Why soup is more than just a great winter meal
Whether you’re coming in from the cold or recovering from a cold, nothing is said to be as comforting as Mom’s chicken soup. Indeed, at Body Ecology we feel that a bowl of soup made with a variety of nourishing vegetables and a great stock, plus some fermented foods to aid in digestion, can be one of the most healing and fortifying of meals, especially in winter.
Consider this your source for soothing soups: The Body Ecology Living Cookbook features a long list of soup recipes — like Broccoli and Fresh Fennel, Seafood Donabe, Basil Veggie Stew, Curried Celery, and many more — that you can enjoy for breakfast, lunch, or dinner.
It’s not just food for your soul
Ancient cultures have long used soups and broths as home remedies for colds and flu, and even scientific data shows that soup has benefits.
Did you know?
- Chicken soup contains an amino acid that closely resembles a pharmacological agent called acetylcysteine, often prescribed for bronchitis.1 It’s available under the trade names Mucomyst, Fluimucil, and Parvolex. You can also buy acetylcysteine in health food stores or online as N-acetylcysteine.
- Traditional ingredients in soup, like garlic and pepper, may work as natural decongestants — they help thin out mucus and ease breathing.2 Note that we do not use black pepper on the Body Ecology program since it’s said to be irritating to the gallbladder, but we do recommend cayenne pepper.
- Tests have shown that chicken soup has anti-inflammatory properties.3 (Inflammation has been linked to chronic diseases, like cancer, arthritis, and heart disease.4)
- Drinking hot soup and breathing in the steam may help decongest the respiratory system.
Whether or not you feel under the weather, soup is an excellent meal during the winter months when your body needs more warming food. Soup is a wonderful hydrator and gives your body much-needed liquid. On top of all that, soup is easy to digest, making it a great way to get valuable nutrients.
If something feels “off,” it could be a dormant virus. Use our Antiviral Protocol to help get your health back on track.
Why not have soup for breakfast?
Though we Americans are accustomed to cereal and milk or bacon and eggs, soup makes a delicious, nourishing breakfast meal.
Actually, many other cultures eat soup for breakfast. In China, the children are sent off to school after eating a bowl of soup made with rice grains. Japanese kids do the same but sip their soup made with an ocean vegetable broth and fermented miso paste.
What people in these cultures know is that in the morning, warming broths are a great way to “break the fast” after eight to 12 hours without food or liquids. Having warm soup in the morning helps stimulate digestion, igniting your “digestive fire” and preparing your digestive tract for later meals.
The Body Ecology Living Cookbook has some tasty soup recipes, and as you learn Body Ecology’s principles, you’ll also have fun experimenting on your own.
Try these ideas the next time you crave a warm, nourishing soup — for breakfast or any meal:
- Clean-out-your-fridge veggie soup – Use leftover vegetables for a hearty, mineral-rich soup.
- Grain soup – Add Body Ecology grain-like seeds to your soup for a filling meal.
- Protein soup – Prepare a protein-based soup (chicken, fish, or red meat) and combine it with non-starchy vegetables.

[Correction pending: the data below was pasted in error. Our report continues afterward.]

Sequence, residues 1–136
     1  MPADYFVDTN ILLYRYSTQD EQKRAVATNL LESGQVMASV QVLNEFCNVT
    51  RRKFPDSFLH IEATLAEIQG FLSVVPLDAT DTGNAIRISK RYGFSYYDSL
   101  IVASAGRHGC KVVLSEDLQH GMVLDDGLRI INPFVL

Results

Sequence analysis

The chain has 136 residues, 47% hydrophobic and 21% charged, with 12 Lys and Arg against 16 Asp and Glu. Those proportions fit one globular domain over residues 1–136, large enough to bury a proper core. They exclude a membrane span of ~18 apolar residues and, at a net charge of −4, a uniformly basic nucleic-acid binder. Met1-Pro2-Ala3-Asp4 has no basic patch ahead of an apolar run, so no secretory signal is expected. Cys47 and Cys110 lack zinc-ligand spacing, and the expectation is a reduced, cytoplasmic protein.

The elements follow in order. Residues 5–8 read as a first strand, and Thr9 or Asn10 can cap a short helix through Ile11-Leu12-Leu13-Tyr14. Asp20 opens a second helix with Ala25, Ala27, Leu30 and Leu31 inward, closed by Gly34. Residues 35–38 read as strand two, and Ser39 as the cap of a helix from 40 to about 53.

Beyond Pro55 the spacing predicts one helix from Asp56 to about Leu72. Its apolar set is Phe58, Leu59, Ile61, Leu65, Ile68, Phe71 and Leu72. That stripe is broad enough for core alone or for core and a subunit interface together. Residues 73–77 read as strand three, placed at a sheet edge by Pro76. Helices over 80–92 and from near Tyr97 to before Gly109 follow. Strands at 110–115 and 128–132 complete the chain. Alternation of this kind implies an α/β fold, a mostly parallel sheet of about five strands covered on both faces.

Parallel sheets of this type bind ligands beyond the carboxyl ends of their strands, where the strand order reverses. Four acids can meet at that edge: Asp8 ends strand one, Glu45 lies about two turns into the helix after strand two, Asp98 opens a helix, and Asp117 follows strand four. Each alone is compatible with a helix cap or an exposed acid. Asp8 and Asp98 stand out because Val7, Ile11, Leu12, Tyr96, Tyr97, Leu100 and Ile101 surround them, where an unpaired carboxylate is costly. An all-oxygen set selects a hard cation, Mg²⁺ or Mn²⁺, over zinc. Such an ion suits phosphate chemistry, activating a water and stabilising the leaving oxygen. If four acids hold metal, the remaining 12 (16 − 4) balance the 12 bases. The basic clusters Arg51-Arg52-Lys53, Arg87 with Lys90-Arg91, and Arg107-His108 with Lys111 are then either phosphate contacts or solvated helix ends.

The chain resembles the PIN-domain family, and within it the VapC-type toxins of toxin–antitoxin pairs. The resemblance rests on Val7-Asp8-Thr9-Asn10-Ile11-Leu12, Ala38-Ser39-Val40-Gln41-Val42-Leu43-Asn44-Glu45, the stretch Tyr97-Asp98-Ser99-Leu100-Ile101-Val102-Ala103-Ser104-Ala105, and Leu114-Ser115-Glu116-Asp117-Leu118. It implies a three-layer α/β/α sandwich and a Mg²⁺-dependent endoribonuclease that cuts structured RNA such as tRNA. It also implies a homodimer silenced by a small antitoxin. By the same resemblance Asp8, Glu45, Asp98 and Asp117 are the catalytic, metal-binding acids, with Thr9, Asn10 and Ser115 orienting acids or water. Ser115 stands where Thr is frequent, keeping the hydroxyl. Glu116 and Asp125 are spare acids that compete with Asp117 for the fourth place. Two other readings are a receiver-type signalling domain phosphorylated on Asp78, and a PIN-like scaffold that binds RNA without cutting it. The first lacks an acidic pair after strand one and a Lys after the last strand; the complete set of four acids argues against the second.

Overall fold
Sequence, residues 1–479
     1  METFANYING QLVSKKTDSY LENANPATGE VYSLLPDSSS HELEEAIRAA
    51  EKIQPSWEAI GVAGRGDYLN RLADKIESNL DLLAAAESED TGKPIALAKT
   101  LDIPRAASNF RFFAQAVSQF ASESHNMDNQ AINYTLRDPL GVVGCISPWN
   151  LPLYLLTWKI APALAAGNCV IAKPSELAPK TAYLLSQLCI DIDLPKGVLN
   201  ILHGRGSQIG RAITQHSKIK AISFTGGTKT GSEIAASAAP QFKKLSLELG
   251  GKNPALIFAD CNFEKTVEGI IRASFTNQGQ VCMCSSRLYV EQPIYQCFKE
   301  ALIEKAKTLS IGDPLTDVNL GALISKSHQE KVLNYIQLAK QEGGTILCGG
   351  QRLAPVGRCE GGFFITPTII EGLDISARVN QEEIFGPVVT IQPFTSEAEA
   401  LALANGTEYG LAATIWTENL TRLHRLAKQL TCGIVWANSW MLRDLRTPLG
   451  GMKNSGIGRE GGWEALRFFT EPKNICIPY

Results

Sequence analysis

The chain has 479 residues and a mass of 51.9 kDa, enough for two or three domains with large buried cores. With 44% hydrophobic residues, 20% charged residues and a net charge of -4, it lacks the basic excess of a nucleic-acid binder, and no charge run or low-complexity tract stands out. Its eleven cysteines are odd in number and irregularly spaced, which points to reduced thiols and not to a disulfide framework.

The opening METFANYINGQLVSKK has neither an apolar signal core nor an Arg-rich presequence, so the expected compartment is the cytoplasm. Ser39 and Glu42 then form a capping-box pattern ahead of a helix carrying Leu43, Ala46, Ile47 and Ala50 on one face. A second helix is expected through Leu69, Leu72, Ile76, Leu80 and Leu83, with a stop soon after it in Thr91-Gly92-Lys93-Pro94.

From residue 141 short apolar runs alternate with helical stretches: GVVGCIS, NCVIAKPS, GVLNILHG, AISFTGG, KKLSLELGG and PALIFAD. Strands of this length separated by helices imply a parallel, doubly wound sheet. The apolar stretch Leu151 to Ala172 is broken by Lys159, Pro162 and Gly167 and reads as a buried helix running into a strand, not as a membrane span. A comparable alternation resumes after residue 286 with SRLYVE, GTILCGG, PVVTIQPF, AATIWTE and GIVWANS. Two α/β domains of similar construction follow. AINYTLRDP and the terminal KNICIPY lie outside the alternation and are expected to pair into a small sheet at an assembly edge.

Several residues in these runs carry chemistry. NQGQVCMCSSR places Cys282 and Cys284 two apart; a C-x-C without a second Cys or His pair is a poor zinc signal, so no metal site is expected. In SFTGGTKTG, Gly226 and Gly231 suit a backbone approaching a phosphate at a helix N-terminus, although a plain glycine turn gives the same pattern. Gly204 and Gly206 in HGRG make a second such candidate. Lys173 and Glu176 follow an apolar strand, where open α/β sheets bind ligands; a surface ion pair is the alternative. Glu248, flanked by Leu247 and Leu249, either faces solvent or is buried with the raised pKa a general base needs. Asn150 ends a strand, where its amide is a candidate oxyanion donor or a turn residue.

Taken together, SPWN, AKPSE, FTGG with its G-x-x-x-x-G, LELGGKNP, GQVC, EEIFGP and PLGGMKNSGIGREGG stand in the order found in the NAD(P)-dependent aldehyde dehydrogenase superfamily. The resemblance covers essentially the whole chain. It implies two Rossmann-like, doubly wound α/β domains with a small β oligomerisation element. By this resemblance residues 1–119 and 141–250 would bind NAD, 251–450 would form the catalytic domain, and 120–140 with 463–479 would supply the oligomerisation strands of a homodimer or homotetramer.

- Puréed soup – You can puree any soup to give it a creamy texture and a new look. Kids will never balk at eating their veggies again because they won’t know they’re eating them!
A note from Donna: I’ve noticed that many people do not do well on the cooked fat in soup stocks made from animals like poultry and meats. Cooked fats are much harder to digest than raw fat, and many people simply do not digest fats, especially today.
To solve this problem, prepare your stock according to the recipe, then put your finished stock into the refrigerator for several hours until it cools. A layer of fat will have formed at the top of the jar or bowl. Skim this off and discard. You’re ready to enjoy the rest of the broth. The gelatin is excellent for you — it’s full of wonderful minerals.
Dried fish flakes can be purchased from your health food store and can be simmered for 10 minutes, then removed, to make a quick and nourishing animal-based broth. The Japanese do this and also simmer a piece of the sea vegetable kombu. It’s one of the most nourishing broths you can prepare, and it’s fast.
For a flavorful soup to start your day, try this Body Ecology creamy dilled cauliflower soup recipe.
- 1. Cazzola M, Calzetta L, Page C, Jardim J, Chuchalin AG, Rogliani P, Matera MG. Influence of N-acetylcysteine on chronic bronchitis or COPD exacerbations: a meta-analysis. Eur Respir Rev. 2015 Sep;24(137):451-61. doi: 10.1183/16000617.00002215. PMID: 26324807.
- 2. Nantz MP, Rowe CA, Muller CE, Creasy RA, Stanilka JM, Percival SS. Supplementation with aged garlic extract improves both NK and γδ-T cell function and reduces the severity of cold and flu symptoms: a randomized, double-blind, placebo-controlled nutrition intervention. Clin Nutr. 2012 Jun;31(3):337-44. doi: 10.1016/j.clnu.2011.11.019. Epub 2012 Jan 24. PMID: 22280901.
- 3. Rennard BO, Ertl RF, Gossman GL, Robbins RA, Rennard SI. Chicken soup inhibits neutrophil chemotaxis in vitro. Chest. 2000 Oct;118(4):1150-7. doi: 10.1378/chest.118.4.1150. PMID: 11035691.
- 4. Hoiby N., Bjarnsholt T., Givskov M., Molin S., Ciofu O. (2010). Antibiotic resistance of bacterial biofilms. Int. J. Antimicrob. Agents 35, 322–332. 10.1016/j.ijantimicag.2009.12.011Kanae Echizen, Keigo Horiuchi, Yayoi Aoki, Yoichi Yamada, Toshinari Minamoto, Hiroko Oshima, Masanobu Oshima. NF-κB-induced NOX1 activation promotes gastric tumorigenesis through the expansion of SOX2-positive epithelial cells. Oncogene, 2019; DOI: 10.1038/s41388-019-0702-0.